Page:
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Showing posts from June, 2019

Fixer Upper

Comedian Michael Jr. has a stand-up act where he talks about the " good room ." He gives an analogy comparing our lives to houses. He talks about the "good room" in the house—the one where the furniture is just a little nicer, the carpet is newer, and everything is perfectly in place. For anyone on the outside, it seems like this person has their whole house (life) in order, because look how great this room is! The rest of the house, however, is not nearly as clean and put together. He explains that Jesus is standing outside with a mop and a bucket waiting for you to ask Him in to help you clean the rest of your house. He continues to say that Jesus won’t force His way in—that we have to ask Him to come in. We don’t have to clean the house on our own—that’s what Jesus wants to do for us. Speaking of a dirty house, there is no show that inspires me to clean the house more than Hoarders . Hoarders is a TV show that features people who hoard a massive amou


Many times we hear that people are "following their calling," or that people are "called" to do something. For some, it is clear to them--even from a young age--what they are called to do. But for so many of us normal folk, how do we know what we are called to do?  Most of the time, we feel like we are buzzing around from work to home to parenting duties, to church (maybe, if we aren't exhausted from all of the practices, games, recitals and performances our kids are in). How can we even be sure what we are called to do in the first place? Is it our profession? Is it to be a parent? We have to realize that first and foremost, we aren't necessarily called to "do" something, but we are absolutely called to "be" something--to be sons and daughters of The Most High King. Isaiah 43:1 says, "Fear not, for I have redeemed you; I have called you by your name, you are Mine." That's pretty powerful that the King of the Heav

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Jesus Would Advocate for Civil Disobedience

In March, executive orders from governors across the country forced us to stay home, to close schools and churches and to shut down private businesses. Businesses were classified as either "essential" or "non-essential." All businesses deemed "non-essential" were forced to close. This included markets, clothing stores, boutiques, dine-in restaurants, and beauty salons. State parks, city parks, beaches, walking trails, lakes, and other wide open spaces were closed as well. Many people feel that the "social distancing," as it has come to be known, and stay at home executive orders violate their constitutional rights, such as our first amendment right to freely exercise our religion, our right to peaceably assemble, and that we shall not be deprived of life, liberty and the pursuit of happiness. Some of the people who feel their rights have been violated have decided to exercise their First Amendment right to protest. Some have even chosen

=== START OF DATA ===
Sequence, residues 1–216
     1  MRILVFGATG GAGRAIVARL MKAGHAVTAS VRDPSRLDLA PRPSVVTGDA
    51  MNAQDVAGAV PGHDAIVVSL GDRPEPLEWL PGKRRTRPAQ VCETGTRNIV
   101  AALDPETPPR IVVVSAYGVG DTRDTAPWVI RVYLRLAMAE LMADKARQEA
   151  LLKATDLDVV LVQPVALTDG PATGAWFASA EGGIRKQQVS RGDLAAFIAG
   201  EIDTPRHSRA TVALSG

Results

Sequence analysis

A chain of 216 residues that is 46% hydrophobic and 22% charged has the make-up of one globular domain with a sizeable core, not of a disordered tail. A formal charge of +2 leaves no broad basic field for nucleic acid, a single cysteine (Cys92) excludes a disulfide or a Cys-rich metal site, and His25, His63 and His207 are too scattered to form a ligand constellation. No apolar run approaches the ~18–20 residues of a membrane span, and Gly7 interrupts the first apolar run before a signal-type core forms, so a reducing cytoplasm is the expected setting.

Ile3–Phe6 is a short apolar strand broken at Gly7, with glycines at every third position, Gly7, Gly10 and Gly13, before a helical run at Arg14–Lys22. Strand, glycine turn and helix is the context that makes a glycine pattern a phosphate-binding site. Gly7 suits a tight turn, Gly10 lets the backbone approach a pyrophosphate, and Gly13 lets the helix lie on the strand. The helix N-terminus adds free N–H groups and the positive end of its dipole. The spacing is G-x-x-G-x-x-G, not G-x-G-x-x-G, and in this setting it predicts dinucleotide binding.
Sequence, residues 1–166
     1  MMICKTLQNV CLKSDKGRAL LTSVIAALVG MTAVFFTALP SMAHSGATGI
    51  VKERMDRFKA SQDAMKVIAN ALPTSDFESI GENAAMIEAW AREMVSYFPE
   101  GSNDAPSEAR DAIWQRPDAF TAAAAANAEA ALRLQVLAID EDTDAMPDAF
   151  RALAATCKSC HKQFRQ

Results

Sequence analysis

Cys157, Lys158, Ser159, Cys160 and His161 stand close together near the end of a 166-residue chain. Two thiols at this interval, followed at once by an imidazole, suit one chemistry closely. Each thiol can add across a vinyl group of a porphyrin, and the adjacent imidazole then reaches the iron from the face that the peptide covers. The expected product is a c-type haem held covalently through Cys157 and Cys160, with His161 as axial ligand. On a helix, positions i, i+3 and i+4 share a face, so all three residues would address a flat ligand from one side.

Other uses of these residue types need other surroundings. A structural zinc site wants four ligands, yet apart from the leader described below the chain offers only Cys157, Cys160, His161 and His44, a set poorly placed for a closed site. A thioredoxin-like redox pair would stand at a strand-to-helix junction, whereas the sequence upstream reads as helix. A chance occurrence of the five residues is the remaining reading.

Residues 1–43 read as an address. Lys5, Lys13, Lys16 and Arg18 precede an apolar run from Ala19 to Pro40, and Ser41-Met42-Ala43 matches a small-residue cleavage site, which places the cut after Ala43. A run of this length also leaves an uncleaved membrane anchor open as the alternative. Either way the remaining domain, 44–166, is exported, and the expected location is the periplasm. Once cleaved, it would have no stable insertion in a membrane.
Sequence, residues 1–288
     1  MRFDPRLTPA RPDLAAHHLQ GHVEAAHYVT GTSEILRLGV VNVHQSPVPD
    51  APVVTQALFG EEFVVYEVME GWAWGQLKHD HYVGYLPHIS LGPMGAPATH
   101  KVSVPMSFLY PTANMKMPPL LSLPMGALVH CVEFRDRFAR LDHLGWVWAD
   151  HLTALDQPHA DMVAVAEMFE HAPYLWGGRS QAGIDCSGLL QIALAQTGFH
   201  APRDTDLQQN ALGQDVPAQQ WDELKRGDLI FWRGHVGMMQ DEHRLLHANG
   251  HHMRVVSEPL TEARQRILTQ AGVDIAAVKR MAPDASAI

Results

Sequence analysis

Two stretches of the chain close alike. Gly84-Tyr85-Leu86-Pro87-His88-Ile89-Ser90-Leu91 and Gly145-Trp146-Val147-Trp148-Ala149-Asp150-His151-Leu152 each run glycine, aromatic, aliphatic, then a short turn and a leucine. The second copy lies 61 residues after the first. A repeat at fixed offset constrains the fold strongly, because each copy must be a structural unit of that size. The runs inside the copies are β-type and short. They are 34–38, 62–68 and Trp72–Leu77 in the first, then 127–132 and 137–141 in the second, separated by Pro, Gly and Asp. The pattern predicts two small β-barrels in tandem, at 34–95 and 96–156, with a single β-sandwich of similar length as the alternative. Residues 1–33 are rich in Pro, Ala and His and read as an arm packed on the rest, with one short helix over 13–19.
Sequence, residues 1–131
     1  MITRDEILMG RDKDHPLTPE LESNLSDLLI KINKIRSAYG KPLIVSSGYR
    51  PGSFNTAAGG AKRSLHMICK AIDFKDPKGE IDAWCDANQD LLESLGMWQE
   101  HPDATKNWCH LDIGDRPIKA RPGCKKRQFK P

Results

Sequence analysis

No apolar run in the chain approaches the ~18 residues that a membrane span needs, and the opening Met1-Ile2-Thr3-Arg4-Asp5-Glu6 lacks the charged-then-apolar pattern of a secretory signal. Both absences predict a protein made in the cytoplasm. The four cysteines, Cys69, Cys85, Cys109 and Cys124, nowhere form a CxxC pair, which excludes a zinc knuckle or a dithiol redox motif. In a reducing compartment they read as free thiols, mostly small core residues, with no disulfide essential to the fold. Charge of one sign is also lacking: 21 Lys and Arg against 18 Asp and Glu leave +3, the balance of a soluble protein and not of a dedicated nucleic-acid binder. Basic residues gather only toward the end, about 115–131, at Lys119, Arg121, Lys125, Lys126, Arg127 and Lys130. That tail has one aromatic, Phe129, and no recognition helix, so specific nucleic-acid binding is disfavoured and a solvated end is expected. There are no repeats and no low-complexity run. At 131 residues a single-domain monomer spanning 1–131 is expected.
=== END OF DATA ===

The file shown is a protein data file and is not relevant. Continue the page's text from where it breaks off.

Covert Red Flags: The Real Things You Should Be Looking Out For in Relationships

Your relationship with your spouse should be the closest human relationship you ever have. As we are dating, we are assessing whether or not that person could potentially fit into our inner circle. This causes us to be on high alert for red flags. Most red flags are obvious--lack of communication, anger issues, irresponsibility, controlling behavior, abuse, etc. A quick Google search will bring up list upon list of red flags we should look out for. Being rude to waitstaff, not making your relationship public, not caring about XYZ, stone walling, gaslighting, and more can all be found on most lists. But what about the covert red flags? Those things that are less obvious. My first marriage taught me to look out for the overt red flags like the ones found in every advice column. My second marriage taught me to look out for covert red flags, ones that I never even realized were red flags until I could look back. The entire time we dated, I kept looking for the overt red fla

Because of Who I Am

Someone posted on Facebook the other day the following: Why would you fight for someone who clearly doesn't want you? Please let them go. You are valuable, just not to them. I thought about it for a minute, because I indeed fought for my husband when he clearly didn't want me. I fought for our marriage, even when he had zero interest in making our marriage work. He had already checked out and told me point-blank that he just didn't want to work on our marriage, but yet I fought on my knees before the Lord. Throughout the first few months of our separation, I prayed day-in and day-out. I beseeched the Lord to intercede. I rebuked Satan, and I prostrated myself before the Lord God Almighty. I went to therapy, and I watched sermons online. I listened to every Jimmy Evans podcast I could find. I journaled and devoured God's Word. I wrote my husband scriptures and prayers daily. I soon filled a 100-page journal front and back. Shortly after he left in June